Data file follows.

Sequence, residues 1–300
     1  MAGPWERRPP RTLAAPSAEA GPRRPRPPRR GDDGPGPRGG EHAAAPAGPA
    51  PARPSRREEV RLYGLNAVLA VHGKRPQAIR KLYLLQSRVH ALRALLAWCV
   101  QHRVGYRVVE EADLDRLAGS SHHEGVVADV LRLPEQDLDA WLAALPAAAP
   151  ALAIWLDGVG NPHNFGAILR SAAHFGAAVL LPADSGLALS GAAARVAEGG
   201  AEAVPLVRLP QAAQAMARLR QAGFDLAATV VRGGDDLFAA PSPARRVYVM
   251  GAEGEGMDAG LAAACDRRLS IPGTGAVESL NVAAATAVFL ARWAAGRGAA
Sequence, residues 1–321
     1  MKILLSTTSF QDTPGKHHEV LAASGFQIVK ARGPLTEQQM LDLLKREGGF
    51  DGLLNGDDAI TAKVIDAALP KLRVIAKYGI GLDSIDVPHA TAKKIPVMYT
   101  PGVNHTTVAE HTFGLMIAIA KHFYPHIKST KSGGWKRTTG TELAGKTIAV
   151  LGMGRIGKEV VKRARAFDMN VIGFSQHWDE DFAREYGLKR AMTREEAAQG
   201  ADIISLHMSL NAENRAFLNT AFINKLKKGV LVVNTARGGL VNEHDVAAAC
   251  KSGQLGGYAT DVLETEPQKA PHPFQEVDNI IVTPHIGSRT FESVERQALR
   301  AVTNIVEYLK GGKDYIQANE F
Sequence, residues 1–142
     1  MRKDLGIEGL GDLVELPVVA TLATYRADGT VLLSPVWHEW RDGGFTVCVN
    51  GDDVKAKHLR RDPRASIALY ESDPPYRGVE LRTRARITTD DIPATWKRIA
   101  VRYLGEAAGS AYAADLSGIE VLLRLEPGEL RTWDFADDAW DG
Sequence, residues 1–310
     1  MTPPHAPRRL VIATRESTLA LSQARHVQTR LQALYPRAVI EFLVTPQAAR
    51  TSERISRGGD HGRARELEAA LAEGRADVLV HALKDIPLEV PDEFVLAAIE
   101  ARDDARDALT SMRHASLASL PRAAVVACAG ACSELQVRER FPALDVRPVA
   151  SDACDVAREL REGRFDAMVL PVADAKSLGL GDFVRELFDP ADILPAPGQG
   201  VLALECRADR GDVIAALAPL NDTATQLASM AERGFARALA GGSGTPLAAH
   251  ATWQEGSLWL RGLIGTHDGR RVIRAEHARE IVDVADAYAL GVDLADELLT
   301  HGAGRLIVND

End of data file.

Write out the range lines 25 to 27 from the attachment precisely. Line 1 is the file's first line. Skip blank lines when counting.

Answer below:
   201  VLALECRADR GDVIAALAPL NDTATQLASM AERGFARALA GGSGTPLAAH
   251  ATWQEGSLWL RGLIGTHDGR RVIRAEHARE IVDVADAYAL GVDLADELLT
   301  HGAGRLIVND